Chausath Yogini Temple, Hirapur
The Chausath Yogini Temple (64-Yogini Temple) of Hirapur, also called Mahamaya Temple, is 20 km outside Bhubaneswar, the capital of Odisha state of Eastern India. It is devoted to the worship of the yoginis, auspicious goddess-like figures.
Hirapur's yogini temple is a tantric shrine, with hypaethral (roofless) architecture as tantric prayer rituals involve worshipping the bhumandala (environment consisting all the 5 elements of nature - fire, water, earth, air and ether), and the yoginis believed to be capable of flight.
The yogini idols represent female figures standing on an animal, a demon or a human head depicting the victory of Shakti (Feminine power). The idols express everything from rage, sadness, pleasure, joy, desire and happiness. The number 64 finds its reference in Hindu mythology in forms such as Kālá for time, Kalā for performing arts etc.
The temple is believed to have been built by Queen Hiradevi of the Bramha dynasty during the 9th century.
The legend behind the temple, according to local priests, is that the Goddess Durga took the form of 64 demi-goddesses to defeat a demon. After the fight the 64 goddesses, equated with yoginis, asked Durga to commemorate them in the form of a temple structure.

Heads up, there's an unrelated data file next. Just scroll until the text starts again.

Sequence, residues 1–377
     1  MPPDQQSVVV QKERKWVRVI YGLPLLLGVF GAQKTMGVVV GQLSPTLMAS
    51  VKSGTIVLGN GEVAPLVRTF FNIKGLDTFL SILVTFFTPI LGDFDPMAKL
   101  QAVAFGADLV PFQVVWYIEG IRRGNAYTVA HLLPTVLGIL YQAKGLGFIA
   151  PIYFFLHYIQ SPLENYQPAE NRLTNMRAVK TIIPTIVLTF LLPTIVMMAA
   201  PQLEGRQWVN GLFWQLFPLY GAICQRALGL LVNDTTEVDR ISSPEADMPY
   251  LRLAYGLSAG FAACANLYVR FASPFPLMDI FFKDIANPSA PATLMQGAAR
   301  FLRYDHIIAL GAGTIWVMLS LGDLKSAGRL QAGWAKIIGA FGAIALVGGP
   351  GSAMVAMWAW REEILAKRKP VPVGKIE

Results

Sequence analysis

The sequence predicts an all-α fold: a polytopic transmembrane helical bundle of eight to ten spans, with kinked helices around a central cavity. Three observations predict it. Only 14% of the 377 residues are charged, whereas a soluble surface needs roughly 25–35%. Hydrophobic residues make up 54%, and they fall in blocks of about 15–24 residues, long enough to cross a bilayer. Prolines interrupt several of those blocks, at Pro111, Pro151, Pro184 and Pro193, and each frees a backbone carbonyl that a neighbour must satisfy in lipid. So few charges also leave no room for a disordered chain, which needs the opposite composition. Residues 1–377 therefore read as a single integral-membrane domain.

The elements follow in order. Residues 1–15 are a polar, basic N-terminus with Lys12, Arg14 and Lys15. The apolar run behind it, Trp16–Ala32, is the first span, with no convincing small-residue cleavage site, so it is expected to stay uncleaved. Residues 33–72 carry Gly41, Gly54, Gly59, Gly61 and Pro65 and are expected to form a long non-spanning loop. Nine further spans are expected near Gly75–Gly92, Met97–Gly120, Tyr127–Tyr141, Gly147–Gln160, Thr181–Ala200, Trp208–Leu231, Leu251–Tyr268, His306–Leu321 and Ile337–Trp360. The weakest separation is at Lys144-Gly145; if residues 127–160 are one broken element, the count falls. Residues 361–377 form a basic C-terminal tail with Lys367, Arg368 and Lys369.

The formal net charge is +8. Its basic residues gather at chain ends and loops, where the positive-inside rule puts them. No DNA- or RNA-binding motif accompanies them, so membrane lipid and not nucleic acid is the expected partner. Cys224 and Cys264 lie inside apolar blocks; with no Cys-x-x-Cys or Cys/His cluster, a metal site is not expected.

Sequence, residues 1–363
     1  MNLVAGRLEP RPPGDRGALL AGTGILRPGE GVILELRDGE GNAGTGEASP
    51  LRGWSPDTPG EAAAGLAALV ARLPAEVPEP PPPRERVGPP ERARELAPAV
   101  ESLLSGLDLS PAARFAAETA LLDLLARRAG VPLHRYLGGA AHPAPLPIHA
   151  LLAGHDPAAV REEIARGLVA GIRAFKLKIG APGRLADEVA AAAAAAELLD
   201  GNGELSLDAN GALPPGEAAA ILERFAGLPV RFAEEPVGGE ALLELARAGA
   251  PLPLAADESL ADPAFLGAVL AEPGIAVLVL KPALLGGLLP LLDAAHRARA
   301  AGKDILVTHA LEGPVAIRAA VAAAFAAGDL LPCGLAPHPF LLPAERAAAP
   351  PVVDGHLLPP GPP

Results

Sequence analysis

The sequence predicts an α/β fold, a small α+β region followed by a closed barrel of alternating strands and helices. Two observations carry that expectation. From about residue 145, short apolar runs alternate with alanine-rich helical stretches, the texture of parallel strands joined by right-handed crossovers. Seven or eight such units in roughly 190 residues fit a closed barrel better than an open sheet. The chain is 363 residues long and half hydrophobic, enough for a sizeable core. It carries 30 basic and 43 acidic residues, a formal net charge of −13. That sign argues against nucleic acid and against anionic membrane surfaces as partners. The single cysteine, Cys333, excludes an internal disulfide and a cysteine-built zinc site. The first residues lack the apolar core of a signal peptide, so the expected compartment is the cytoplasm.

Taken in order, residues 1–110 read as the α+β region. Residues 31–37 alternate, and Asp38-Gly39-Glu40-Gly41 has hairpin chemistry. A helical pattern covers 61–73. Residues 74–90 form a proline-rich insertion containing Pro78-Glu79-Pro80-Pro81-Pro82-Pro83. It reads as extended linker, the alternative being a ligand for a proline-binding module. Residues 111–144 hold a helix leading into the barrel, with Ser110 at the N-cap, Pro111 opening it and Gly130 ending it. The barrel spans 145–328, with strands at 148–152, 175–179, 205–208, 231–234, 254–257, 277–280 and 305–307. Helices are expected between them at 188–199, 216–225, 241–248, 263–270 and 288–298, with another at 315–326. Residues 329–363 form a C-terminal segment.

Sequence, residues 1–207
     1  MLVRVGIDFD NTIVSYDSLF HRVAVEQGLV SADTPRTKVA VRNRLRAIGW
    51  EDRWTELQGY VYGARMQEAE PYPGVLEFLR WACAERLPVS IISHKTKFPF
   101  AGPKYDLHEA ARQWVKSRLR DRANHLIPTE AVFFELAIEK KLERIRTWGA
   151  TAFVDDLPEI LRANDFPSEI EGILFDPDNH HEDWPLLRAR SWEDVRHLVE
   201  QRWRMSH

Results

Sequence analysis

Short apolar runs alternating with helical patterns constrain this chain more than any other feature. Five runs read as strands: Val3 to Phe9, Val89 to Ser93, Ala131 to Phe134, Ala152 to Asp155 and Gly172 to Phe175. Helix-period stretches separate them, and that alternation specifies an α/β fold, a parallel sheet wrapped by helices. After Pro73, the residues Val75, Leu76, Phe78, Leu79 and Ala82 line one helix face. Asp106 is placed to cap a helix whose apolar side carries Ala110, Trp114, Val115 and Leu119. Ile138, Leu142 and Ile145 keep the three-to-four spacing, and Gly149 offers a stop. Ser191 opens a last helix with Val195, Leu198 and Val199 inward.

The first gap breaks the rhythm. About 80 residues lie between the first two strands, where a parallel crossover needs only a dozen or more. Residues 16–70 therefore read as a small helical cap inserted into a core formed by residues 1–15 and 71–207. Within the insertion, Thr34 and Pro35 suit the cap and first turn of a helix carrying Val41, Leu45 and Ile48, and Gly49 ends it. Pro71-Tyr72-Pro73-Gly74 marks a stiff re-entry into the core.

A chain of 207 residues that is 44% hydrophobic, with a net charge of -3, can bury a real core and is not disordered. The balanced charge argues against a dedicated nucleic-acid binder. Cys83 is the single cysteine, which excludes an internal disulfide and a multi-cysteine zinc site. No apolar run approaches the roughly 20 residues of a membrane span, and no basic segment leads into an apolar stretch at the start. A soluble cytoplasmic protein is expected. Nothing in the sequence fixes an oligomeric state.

The temple complex is now maintained by Archaeological Survey of India.
The temple is small and circular, only 25 feet in diameter. It is hypaethral, and built of blocks of sandstone. The inside of the circular wall has niches, each housing the statue of a Goddess. 56 of the 64 idols, made of black stone, survive. They surround the main image at the centre of the temple, the Goddess Kali, who stands on a human head, representing the triumph of the heart over the mind. Some historians believe that an idol of Maha Bhairava was worshipped in the Chandi Mandapa. The temple seems to follow a mandala plan in a way that concentric circles are formed while a Shiva at the center inside the inner sanctum is roundly surrounded by four Yoginis and four Bhairavas.
The Yogini images depict standing goddesses and their animal vehicles (vahana). The Yoginis are naked but for their bejewelled girdles, from which hang flimsy skirts that can be made out as a light decoration on their legs; they are adorned with bracelets, armlets, necklaces, and anklets.
The scholar István Keul writes that the yogini images are of dark chlorite rock, about 40 cm tall, and standing in varying poses on plinths or vahanas, their animal vehicles; most have "delicate features and sensual bodies with slender waists, broad hips, and high, round breasts" with varying hairstyles and body ornaments.